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Posted: February 4th, 2014, 9:02 pm
I am new to this forum and I have a question. I am currently writing a novel and I am struggling with which POV I should write in. The story is a historical fiction account of my great-grandfather who was in the tsar's army. I feel the story lends itself to first person narrative but my inciting incident is the assassination of Tsar Alexander II, which the first person account could not be possible. Is it acceptable to switch to an omnipresent POV view for those scenes?
Re: Character POV
Posted: February 5th, 2014, 1:20 pm
Narrative point of view is the viewpoint from which a narrative originates. This is a top tier viewpoint, be it a narrator's or a character-narrator's. A challenge for first-person narration is exactly the issue of whether the character is present for events so that they may be reported in first person. If the character is not present, willing suspension of disbelief may be jeapordized and readers lose trust and interest.
Writers have used a number of methods to get around this difficulty. One which many methods are based upon, reporting the events outside first-person experience as generally known yet more detailed through investigation and research. One such method imitates historic documents and reports them through what is known as False Documents. For example, let's say excerpts from an encylopedia article, a biography, newspaper reports, personal correspondence, etc. Generally, these types of accounts are composed and included as bald articles in their own divisions, set off as subchapters, intercessionary pages, or as block quotes imitating their "original" publication. For example, a personal letter composed as a block quote with address block, salutation, addressee, body, and signature block, sometimes set in all italics in imitation of and signaling handwritten text.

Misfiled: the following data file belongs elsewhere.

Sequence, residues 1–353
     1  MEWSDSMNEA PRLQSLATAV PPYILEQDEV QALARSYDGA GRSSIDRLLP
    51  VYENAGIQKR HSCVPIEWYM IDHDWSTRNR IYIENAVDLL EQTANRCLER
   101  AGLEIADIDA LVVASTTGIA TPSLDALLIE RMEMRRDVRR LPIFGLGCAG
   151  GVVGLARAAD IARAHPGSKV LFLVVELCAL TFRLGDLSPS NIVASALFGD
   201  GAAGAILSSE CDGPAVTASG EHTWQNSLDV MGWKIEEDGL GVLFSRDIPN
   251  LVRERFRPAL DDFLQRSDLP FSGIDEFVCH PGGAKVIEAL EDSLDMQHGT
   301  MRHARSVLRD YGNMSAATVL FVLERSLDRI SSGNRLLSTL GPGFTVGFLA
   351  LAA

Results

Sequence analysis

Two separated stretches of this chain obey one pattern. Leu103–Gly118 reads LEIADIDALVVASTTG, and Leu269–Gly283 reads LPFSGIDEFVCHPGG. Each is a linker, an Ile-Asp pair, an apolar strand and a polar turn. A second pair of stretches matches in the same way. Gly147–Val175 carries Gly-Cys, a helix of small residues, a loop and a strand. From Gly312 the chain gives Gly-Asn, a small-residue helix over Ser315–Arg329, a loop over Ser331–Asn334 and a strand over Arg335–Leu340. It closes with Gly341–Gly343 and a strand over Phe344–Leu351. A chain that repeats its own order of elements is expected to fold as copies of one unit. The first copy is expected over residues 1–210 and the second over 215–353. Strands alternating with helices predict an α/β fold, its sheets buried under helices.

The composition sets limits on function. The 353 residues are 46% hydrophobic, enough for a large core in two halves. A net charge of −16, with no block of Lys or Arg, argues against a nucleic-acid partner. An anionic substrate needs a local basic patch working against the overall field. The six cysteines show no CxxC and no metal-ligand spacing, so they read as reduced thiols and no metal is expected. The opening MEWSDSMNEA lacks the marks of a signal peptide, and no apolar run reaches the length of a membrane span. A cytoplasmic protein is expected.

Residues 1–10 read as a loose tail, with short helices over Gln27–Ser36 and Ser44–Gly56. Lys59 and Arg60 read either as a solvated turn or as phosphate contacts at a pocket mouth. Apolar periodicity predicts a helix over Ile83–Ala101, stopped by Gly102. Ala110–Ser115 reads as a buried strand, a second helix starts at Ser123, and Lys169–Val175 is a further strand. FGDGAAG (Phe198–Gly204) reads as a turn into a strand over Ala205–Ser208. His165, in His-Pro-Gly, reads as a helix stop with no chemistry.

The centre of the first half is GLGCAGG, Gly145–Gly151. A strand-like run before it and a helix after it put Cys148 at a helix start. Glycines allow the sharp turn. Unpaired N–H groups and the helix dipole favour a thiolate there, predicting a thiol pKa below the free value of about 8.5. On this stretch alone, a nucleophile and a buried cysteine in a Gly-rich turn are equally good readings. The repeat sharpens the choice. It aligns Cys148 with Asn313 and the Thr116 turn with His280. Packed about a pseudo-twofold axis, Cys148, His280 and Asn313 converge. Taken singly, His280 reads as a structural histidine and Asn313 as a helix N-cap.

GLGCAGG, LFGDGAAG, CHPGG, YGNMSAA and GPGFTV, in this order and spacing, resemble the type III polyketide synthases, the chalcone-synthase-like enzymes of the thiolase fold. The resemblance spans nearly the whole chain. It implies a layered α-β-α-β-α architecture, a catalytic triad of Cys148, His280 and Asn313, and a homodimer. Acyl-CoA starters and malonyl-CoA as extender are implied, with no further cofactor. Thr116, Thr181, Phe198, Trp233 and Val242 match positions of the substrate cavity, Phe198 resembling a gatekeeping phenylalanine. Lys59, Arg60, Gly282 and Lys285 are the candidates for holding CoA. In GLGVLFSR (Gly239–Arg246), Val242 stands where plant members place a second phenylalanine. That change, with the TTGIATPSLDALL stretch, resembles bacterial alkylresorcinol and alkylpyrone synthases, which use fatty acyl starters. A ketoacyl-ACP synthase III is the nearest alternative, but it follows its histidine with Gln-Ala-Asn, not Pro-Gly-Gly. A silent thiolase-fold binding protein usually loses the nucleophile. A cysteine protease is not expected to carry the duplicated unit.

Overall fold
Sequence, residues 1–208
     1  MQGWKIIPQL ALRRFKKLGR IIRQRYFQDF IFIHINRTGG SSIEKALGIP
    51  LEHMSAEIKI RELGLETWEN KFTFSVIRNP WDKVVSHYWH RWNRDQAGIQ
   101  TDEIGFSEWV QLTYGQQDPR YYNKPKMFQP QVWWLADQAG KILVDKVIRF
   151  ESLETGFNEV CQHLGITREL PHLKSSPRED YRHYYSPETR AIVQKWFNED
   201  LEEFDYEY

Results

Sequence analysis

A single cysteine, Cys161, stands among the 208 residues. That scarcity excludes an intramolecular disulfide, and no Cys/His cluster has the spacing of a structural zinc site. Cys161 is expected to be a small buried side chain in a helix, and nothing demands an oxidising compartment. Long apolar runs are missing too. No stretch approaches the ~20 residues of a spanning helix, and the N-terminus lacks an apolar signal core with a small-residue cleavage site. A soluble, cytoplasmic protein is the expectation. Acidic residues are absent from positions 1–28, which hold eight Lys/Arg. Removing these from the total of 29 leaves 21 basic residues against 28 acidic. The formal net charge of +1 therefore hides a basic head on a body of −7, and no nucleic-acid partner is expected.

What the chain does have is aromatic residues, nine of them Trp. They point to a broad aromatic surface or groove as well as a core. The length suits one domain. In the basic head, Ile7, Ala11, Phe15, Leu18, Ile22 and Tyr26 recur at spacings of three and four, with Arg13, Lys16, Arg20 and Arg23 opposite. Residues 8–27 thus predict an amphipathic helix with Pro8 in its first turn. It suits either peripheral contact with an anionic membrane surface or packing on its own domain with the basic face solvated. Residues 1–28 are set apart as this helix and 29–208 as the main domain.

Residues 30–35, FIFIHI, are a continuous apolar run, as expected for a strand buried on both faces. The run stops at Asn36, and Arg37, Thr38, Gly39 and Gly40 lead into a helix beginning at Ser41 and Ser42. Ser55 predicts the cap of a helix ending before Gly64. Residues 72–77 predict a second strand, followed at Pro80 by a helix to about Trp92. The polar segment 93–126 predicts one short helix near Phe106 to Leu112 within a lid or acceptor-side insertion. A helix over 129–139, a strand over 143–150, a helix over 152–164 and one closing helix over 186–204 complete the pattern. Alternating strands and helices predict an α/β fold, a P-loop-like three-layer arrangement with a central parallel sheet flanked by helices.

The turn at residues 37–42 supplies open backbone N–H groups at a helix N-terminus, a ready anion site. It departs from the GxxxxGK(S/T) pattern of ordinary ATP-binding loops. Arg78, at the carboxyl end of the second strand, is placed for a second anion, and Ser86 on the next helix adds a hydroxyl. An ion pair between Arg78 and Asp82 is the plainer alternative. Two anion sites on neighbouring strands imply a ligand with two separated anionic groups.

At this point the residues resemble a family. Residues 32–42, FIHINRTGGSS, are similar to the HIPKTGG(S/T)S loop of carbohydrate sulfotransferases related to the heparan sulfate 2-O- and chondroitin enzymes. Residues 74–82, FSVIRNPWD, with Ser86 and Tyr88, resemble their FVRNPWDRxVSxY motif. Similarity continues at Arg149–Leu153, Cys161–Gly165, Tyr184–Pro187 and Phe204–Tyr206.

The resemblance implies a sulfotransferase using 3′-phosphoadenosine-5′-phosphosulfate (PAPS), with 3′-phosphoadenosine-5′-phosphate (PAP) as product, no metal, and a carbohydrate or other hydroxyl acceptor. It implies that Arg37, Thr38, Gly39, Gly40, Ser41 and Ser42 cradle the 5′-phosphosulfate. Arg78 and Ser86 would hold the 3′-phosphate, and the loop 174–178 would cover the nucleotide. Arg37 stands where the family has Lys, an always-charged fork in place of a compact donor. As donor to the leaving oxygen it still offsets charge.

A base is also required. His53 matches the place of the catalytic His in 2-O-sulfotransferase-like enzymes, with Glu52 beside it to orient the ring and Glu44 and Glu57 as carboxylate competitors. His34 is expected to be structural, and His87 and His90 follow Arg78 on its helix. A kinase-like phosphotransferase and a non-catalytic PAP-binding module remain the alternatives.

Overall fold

Omniscience and omnipresence can be first-person narrator features when reported as events and such generally known but in greater detail due to investigation and research, as if in journalism's objective reporting, though along with prose's attitude commentary. Then no shift in overall narrative point of view will clutter the narrative, even if the narrative at times shifts from first person to third person, if artfully managed. After all, variety is the spice of life and literature.
Though those methods are in third-person reporting typically, they are directly noted as having been experienced by a first-person narrator or are clealry implied as such.
Another method makes no effort to distinguish parts as first-person experiences and other parts as third-person experiences. First person's default subjectivity, bias, and immediacy may enhance the illusion of reality spell readers of all stripes prefer. The aesthetic closeness of first person strongly appeals. The Hannibal Lecter novel series by Thomas Harris uses first-person chapters to portray the creepier characters' internal worlds and is perversely appealing for that forbidden fruit voyeursism. Other characters are reported in third person for that narrative perspective's trustworthy objectivity.
For the purposes at hand, reporting the Tsar's assassination, I'd suggest consider opening with a first-person routine that's interrupted and arouses the great-grandfather's curiosity about the events of the assassination. Then the Tasr's assassination can artfully be reported in third person before returning in a later chapter to first person, Perhaps alternate chapters may switch back and forth, or subchapters, as a parallel narrative unfolding along with the main narrative, or even as in the moment discoveries or recollections related to the Tsar's assassination as the first-person story unfolds. For example, I wasn't anyhere near the World Trade Center on 9-11, but I was emotionally close and am aware of the details.
Re: Character POV
Posted: February 5th, 2014, 3:54 pm
Wonderful analysis and concepts. Thank you.